NTC-11 wants 30 radio stations in Davao to stop operations

DAVAO CITY — The National Telecommunications Commission (NTC) 11 has recommended 30 radio stations in Davao region to stop operations and show cause for lack of permit and violations of regulations.

NTC 11 Regional Director Nelson Canete said the recommendation for issuance of cease and desist order (CDO) was a result of ocular investigation of radio stations operating in different cities and municipalities particularly in Davao del Sur, Davao Oriental , Davao del Norte, and Compostela Valley provinces.

The recommendations submitted to NTC central office do not yet include two radio stations in Davao City that use bamboo poles for their transmitters. These radio stations, which are still subject to further investigation, are located in Matina and Toril, Davao City.

“We have not yet inspected these stations, but even if they have papers, knowing that their tower transmitters are made of bamboo pole, I will recommend show cause or cease and desist order,” Cañete said.

Among those recommended were 10 radio stations in Davao del Sur, five in Davao del Norte, several others in Davao Oriental and Compostela Valley.

Canete said the NTC earlier approved CDO for two radio stations in Digos, one in Bansalan in Davao del Sur and one in Lupon, Davao Oriental.
Canete said some people have earned the notoriety of going on air using frequencies which can easily be spotted because everything is now digital unlike in the past when NTC will confiscate one device in the transmitter equipment to stop operation.

Others use frequency in Davao City but operate in Mati.

Cañete said there is a radio station in Davao Oriental owned by a congressman that has no permit yet.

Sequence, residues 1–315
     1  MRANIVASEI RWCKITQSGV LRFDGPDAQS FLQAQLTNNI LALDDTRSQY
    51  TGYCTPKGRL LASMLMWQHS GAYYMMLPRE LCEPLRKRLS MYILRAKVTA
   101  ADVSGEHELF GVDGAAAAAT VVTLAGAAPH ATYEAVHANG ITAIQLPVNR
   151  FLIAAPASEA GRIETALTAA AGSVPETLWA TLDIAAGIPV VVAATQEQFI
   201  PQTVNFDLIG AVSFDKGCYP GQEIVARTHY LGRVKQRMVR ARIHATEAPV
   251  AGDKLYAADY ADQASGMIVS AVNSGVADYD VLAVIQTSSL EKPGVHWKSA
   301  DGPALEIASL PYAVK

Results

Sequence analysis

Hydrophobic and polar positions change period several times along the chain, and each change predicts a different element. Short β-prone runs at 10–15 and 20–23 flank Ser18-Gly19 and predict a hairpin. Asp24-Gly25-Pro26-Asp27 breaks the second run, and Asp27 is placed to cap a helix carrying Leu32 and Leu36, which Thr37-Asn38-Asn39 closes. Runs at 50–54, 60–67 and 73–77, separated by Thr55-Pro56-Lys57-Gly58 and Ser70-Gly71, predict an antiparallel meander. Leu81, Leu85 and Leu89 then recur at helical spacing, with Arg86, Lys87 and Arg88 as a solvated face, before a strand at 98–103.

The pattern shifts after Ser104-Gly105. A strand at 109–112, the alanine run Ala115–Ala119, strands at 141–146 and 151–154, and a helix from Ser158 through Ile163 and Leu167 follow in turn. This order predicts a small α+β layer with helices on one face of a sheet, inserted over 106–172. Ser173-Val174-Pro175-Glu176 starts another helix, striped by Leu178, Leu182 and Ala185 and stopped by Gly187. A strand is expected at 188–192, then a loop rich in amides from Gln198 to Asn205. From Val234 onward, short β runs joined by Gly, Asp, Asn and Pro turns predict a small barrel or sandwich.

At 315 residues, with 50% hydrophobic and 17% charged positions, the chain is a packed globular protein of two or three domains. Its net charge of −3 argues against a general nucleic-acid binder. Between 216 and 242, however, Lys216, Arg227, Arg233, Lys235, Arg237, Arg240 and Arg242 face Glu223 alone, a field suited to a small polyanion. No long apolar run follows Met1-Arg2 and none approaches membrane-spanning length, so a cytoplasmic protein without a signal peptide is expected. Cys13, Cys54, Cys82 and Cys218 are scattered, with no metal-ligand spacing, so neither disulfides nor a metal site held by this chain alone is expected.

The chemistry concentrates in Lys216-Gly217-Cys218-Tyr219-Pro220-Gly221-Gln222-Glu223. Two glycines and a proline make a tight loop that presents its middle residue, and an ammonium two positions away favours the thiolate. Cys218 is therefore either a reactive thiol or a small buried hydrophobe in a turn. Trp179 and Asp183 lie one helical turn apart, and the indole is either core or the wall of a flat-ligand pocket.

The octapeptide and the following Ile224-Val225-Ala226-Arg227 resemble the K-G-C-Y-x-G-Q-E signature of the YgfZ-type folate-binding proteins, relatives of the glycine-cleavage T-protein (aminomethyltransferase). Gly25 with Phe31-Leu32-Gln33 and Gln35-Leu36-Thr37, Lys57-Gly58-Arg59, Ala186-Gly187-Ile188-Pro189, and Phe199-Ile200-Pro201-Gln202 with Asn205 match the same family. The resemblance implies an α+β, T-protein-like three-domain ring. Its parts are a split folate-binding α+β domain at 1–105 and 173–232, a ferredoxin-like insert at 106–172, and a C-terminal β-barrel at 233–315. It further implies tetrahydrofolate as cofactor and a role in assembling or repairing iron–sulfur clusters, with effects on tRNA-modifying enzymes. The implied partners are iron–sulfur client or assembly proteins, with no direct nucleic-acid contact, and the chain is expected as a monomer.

He said these stations are not given frequency from the commission and they just grab it from the legal radio stations.

“Kini nga mga istasyon, wala gyud na tagai og frequency (These radio stations, we do not give them the frequency),” he said.

“Radio stations in Davao City, including Mati are their service area. So, we have to protect these legal radio stations to serve their service areas,” he said.

Cañete said these illegal stations usually use a portable transmitter which is allegedly manufactured at home.

He said under NTC rules, if an individual wants to operate a radio station, the owner needs to secure permit to install their transmitters and towers and even the transport of this material.

“This year will be harsh for the broadcast (radio). Wala pa ang TV and cable (Not yet for TV and cable),” Canete stressed.

In the light of the Rappler controversy, Canete said NTC does not curtail freedom of media but only see that everybody complies with the technical requirements before going on air.

He said even transporting transmitters need the permit from NTC.

“We will do what is for us to do. Implement CDO and show cause order,” Canete told reporters during Wednesday’s AFP-PNP press briefing at the Royal Mandaya Hotel.

Starting this year, Canete said operating radio stations, television stations, and cable would already need certification from the NTC when renewing business permits with the local government units, Securities and Exchange Commission (SEC) and the Bureau of Internal Revenue (BIR).

Canete said it will not only be the NTC that will stop broadcast firms but also the LGU, BIR and SEC.

Meanwhile, NTC also scored against non-registered cellular phones.

Canete said there were thousands of illegal cellular phones that were confiscated during their inspections in 2017. with Armando Fenequito, Jr/PNA-northboundasia.com